Alwaght – On Monday, Bahrain’s Supreme Court upheld the life sentence for Sheikh Ali Salman, the head of the opposition movement al-Wefaq National Islamic Society, and two former members of parliament Sheikh Hassan Sultan and Ali al-Aswad, three of whom are charged “baselessly” with spying for Qatar.
In 2015, the 53-year-old Salman, was sentenced to four years in jail, after an unfair trial, on charges relating to speeches he made in 2012 and 2014, including at the Al-Wefaq General Assembly, in which he spoke about the opposition’s continuing determination to reach power in Bahrain, to achieve the demands of the 2011 uprising through peaceful means and to hold those responsible for committing human rights abuses to account. He also highlighted the need for equality for all Bahrainis, including the ruling family. His arrest took place a few days after he was re-elected for a fourth term as Secretary General of al-Wefaq.
In 2017, Ali Salman’s second trial began on a range of spurious intelligence-sharing charges relating to his recorded telephone conversations with the then Prime Minister and Minister of Foreign Affairs of the State of Qatar in 2011.
Sheikh Ali Salman was acquitted on 21 June 2018, but the prosecution appealed the ruling.
Bahraini Appeal Court on Monday found the opposition leader guilty and sentenced him to life in prison.
Is really Sheikh Ali Salman linked to Qatar for spying?
For nearly two years, Saudi, Bahraini, Egyptian, and Emirati relations to Qatar have been badly strained. In mid-July 2017, Saudi Arabia and its allies severed their diplomatic ties to Doha and imposed an all-out sea, air, and land boycott on the small emirate. Iran condemned the move, arguing that the humanitarian issues should not fall victim to the political disputes. The blockading states accused Qatar of supporting terrorism in the region and colluding with Iran to undermine what Saudi Arabia called the unified camp of Persian Gulf Arab states. Doha denied the Saudi allegations as baseless and argued that the hostile measures were a violation of its status as a sovereign state.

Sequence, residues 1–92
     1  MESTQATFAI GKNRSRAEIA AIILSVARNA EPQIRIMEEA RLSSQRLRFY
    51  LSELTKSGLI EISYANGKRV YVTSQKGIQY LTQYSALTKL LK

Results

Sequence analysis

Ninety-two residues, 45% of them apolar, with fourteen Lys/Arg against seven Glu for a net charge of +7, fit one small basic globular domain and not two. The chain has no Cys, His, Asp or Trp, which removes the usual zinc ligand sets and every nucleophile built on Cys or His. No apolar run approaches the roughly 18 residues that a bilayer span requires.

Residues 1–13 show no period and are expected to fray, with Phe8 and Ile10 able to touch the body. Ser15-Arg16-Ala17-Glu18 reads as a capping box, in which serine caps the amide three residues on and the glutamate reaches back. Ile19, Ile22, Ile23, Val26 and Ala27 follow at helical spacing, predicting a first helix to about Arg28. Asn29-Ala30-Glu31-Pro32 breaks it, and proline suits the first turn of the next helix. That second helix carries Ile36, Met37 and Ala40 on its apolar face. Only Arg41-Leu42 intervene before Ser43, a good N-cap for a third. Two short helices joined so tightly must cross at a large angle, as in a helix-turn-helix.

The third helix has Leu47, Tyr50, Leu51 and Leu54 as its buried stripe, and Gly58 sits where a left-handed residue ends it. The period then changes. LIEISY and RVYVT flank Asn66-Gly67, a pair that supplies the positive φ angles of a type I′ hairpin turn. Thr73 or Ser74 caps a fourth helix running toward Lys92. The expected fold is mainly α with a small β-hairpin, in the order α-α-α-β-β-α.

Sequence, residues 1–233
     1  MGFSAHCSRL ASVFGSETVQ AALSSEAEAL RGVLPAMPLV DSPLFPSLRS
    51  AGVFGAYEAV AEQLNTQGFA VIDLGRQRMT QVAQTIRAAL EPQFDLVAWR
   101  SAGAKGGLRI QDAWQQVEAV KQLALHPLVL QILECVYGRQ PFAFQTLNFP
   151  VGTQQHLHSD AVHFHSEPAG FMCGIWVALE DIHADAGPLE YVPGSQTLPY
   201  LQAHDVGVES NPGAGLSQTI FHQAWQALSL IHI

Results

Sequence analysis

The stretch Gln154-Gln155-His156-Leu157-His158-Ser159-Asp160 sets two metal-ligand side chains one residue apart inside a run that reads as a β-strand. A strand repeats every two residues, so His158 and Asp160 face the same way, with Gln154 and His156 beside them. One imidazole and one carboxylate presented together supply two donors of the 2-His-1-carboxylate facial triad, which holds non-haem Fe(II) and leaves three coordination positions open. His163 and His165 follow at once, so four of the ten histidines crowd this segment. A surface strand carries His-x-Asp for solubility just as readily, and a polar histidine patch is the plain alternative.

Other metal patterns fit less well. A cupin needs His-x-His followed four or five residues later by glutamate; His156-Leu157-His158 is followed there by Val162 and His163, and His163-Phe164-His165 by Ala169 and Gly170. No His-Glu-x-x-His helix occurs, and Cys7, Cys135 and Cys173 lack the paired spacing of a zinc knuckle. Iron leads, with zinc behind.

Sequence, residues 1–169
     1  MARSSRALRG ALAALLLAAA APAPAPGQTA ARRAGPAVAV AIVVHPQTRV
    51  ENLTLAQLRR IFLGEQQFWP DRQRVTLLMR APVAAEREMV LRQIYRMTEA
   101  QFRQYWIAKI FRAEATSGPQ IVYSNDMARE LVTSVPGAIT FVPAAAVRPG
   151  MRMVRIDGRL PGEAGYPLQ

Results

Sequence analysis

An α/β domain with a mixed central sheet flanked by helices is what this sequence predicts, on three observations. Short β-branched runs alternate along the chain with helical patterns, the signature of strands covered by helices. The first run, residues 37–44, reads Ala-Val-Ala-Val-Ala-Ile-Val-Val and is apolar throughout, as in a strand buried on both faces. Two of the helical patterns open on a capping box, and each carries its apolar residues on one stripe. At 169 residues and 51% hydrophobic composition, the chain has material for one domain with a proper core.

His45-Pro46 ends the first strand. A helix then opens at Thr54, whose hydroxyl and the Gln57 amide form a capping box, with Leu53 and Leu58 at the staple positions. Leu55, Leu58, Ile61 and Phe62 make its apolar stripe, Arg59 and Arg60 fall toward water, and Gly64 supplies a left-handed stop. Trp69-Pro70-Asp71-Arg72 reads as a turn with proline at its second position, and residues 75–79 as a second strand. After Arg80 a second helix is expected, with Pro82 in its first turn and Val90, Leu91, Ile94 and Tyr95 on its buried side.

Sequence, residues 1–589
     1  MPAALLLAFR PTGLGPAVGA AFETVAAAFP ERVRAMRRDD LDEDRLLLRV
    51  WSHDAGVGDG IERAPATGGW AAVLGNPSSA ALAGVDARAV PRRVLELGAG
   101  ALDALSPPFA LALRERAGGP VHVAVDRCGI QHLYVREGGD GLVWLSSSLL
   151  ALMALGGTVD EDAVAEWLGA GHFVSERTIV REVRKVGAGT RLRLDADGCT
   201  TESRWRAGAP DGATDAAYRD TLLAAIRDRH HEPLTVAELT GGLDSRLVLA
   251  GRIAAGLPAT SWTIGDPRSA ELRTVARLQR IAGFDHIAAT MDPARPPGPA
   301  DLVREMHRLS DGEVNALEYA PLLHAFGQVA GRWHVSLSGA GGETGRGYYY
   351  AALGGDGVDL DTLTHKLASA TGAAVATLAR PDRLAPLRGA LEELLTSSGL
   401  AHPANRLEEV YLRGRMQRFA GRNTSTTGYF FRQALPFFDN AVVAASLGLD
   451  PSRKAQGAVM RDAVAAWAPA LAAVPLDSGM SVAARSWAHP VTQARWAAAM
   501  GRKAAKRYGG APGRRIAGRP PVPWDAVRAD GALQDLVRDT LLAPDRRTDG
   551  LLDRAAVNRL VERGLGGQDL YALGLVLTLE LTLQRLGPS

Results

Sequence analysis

Analysts suggest that the anti-Qatari charges are mainly motivated by individual differences of each member of the Saudi-led bloc. For example, Bahrain in 2014 claimed that Qatar accepted Bahraini Sunni citizens who wished to change their citizenship to Qatari. The move, Manama said, was meant to reduce the number of the Bahraini Sunni citizens in a bid to allow the Shiites of Bahrain to remain a majority. According to the statistical data, of 1.5 million population of Bahrain 81 percent are Muslims. Of this percentage, 75 percent are Shiite Muslims, who are devoid of power in the politics and are exposed to grave social discrimination just because of their faith. The ruling regime has always feared the Shiite citizens’ demands and their anti-discrimination protests.
The constant protesters drove the rulers in Manama to attribute the organization of anti-government protests with majorly Shiite demonstrators to Qatar and Iran.
As a result, Al-Wefaq, due to its deep bonds to the whole majority of the Shiites, became the main target of threats. Last year, Bahrain Supreme Court banned and disbanded Al-Wefaq National Islamic Society as well as National Democratic Action Society for charges related to anti-government violence, incitement, and “terrorist activities.” But it did not seem that dissolution of the opposition parties will strip them of the power to influence the parliamentary elections of late November 2018. The Bahraini leadership tried to reopen Sheikh Salman and two of his colleagues’ espionage cases in a bid to distance them from their supporters and so steer clear of their influence on the public in the election.
But the opposition’s reactions to the ban from the election not only challenged the judiciary’s jail rulings but also gave the protesters new reasons to continue their anti-regime demonstrations.
The analysts say that the upholding of the Sheikh Salman lifetime jail sentence despite lack of adequate evidence comes to intimidate the political opposition which still invite people to the streets in defiance of the governance crackdowns.
Dependence of the judiciary on the ruling family, unfair rulings based on unproven evidence, holding martial courts for political activists, torturing, and many other actions are the face of the regime’s clampdown on the peaceful protests, according to the international human rights monitoring groups including the Amnesty International.
Without foreign political and financial support, the Al Khalifa cannot issue such verdicts to the opposition leaders. Apparently, the regime has Saudi Arabia’s backing for its suppression of protests. The ruling regime, through forging charges against the opposition heads, seeks to show off to Riyadh its submission to the oil-wealthy monarchy in the anti-Iran and Qatar posture.
Therefore, beside the significance of life sentence ruling to Al-Wefaq secretary-general, the type of charges reveals the nature of it being a regional game, certainly designed by the behind-the-scenes Saudi hands.